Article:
An Obvious Fact: Imperialism Is Bad, Research Time, 01/11/2013

If there’s any problem I’m encountering so far in my first journey through Hannah Arendt’s historical work, it’s that so many of her conclusions have turned out to be correct. Seriously, it’s as if I’m just reading common sense in her first chapter on the analysis of imperialism.

Arendt’s first idea is a basic definition of imperialism, which makes more sense than pretty much any other definition I’ve come across. Imperialism is running a state (and particularly its military) on the principles of a commercial business concern, particularly when it comes to expansion.

She analyses imperialism as the product of an economic situation that I’m not sure has ever been equalled in quite the same way, until perhaps 21st century China. The countries of Europe, having been far ahead of the game on industrialization, produced so much domestic wealth that investment opportunities within their own countries couldn’t expand at a fast enough rate to deal with all that sweet, sweet cash. So the commercial concerns of Western Europe spread all over the world to invest all that money in investments in natural resource extraction and the securing of markets for their own manufactured goods. To forcibly open these territories, they enlisted the militaries of their own countries. This is the heart of the old expression about the “absent-minded” manner of the British Empire’s construction. Commercial investments needed physical security against the locals who were pressed into slavery (if not in name, then in practical existence), so co-opted state militaries to protect them. The European militaries were so powerful that in making space for these commercial concerns, they conquered the foreign territories.

This was how far British imperialism, the greatest of the imperialist projects,
could reach. Britain didn't hold all these territories at once, but this is how
far they could manage. More trouble than it's worth, if you ask me.
The kicker is that imperialism is completely incompatible with democracy. You might, on reading that, think I’m an idiot because the two largest colonial empires of the height of the imperialist era were democracies, France and Britain.* But the democratic characters of their political cultures prevented their empires from becoming permanent. The final shock to colonialist infrastructure was the Second World War, but the reason the empires would inevitably fall could be seen in the test case that Arendt casually mentions: the British could never fully control Ireland. 

* You might also wonder about the modern day United States, but I consider the USA to have been the centrepiece of an empire, rather than an imperialist power. For more information on the difference between imperialism and empire, wait until I start researching Antonio Negri for the utopias project, which will probably be fairly soon.

She contrasts the imperialism of 1884-1914 with the Roman Empire. The Romans never considered themselves a nation whose state expressed a unified culture. So they had no problem incorporating foreign cultures and perspectives into their empire. The principle of the Roman Empire's unity, she says, was its legal infrastructure. The laws of Rome could be adopted without any cultural obligations of the conquered people. The imperialist powers were democracies who conceived of themselves as nation-states. The concept of the nation-state, the unity of culture and government, meant that those who fell under the rule of their governments could only become full citizens if there were some kind of cultural unity of all the governed. The leaders of colonial expansion, the entrepreneurial class, which Arendt represents with men like Cecil Rhodes, had no problem treating the natives of colonial possessions as possessions themselves. Second class citizens at best, and slaves at worst.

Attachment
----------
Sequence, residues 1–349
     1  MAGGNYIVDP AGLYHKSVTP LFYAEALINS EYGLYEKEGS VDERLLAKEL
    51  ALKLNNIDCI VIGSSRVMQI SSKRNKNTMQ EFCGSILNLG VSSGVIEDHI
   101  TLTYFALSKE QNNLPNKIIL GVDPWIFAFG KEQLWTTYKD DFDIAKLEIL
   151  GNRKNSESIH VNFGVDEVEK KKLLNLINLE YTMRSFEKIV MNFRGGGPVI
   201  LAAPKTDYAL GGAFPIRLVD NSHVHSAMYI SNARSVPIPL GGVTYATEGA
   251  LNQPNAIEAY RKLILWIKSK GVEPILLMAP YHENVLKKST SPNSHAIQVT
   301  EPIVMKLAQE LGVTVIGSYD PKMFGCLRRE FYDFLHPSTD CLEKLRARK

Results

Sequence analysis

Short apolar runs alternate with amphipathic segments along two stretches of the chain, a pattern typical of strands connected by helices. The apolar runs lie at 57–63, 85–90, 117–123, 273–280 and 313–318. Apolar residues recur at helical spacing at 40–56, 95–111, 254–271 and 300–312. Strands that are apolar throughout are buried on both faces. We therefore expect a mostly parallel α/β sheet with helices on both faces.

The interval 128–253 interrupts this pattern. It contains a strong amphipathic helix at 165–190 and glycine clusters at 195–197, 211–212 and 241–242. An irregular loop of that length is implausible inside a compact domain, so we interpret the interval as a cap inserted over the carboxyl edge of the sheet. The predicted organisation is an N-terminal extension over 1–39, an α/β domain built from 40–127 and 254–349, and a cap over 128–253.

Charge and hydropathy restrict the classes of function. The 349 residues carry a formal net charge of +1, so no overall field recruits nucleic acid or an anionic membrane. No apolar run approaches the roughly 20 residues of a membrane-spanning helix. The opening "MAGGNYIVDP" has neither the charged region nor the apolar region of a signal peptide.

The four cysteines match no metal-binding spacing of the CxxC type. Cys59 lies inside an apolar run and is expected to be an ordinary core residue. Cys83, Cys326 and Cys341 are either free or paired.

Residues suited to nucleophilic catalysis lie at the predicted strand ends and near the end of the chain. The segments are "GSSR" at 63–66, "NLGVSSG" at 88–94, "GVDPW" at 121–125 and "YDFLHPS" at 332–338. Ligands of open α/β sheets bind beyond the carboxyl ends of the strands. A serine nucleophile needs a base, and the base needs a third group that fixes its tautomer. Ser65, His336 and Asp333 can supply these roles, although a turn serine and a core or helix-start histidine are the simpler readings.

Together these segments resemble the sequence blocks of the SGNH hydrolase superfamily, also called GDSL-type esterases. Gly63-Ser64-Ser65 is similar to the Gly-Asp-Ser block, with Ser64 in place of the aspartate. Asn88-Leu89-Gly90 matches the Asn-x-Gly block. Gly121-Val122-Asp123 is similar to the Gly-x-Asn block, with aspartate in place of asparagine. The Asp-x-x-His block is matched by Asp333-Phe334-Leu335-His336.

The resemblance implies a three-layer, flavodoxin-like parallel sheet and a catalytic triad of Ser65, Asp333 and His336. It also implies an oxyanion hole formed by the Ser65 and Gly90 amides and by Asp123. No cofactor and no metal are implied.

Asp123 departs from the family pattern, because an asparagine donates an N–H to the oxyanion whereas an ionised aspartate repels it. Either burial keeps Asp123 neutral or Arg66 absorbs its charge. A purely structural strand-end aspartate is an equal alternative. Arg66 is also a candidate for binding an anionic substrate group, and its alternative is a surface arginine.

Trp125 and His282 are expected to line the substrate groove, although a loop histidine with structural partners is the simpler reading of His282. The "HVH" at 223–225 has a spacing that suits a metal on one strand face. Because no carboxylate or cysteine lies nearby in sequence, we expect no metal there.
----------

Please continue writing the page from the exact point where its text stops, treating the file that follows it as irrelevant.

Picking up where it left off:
But back in the home countries, most people still thought of themselves as democrats, holding values of self-determination for people. Only the grossest of widespread culturally and infrastructurally institutionalized racism, the attitude by which the colonized peoples were held to be less than human, could maintain an imperialist system of colonies. Even then, there were social pressures against this dehumanizing racism. Arendt mentions how the French habit of building parliamentary seats and educational infrastructure for its colonized peoples crippled its imperialism from the start, and eventually created the class of colonized peoples who overcame empire. Being a democracy, the French instilled democratic culture in their colonized peoples to make them more culturally French. The experience of this new educated class was closest to the hypocrisy of carrying out imperialist political practices while holding democratic morals. 

There are two ways to handle this hypocrisy once it becomes apparent to enough people: the colonized population, the general populace of the colonizers, the business and corporate leaders, and the political classes. Imperialism can only survive when the imperialist state makes itself a tyranny at home as well as abroad. If the people want to hold onto their democratic values, they have to let the colonies go.

Of course, that doesn’t mean that unequal or exploitive relationships of former colonizers and colonized peoples and states no longer exists. It just takes a different form. But that’s for when I dive back into Negri, and his concept of empire, the global network of exploitation without self-conscious exploiters.

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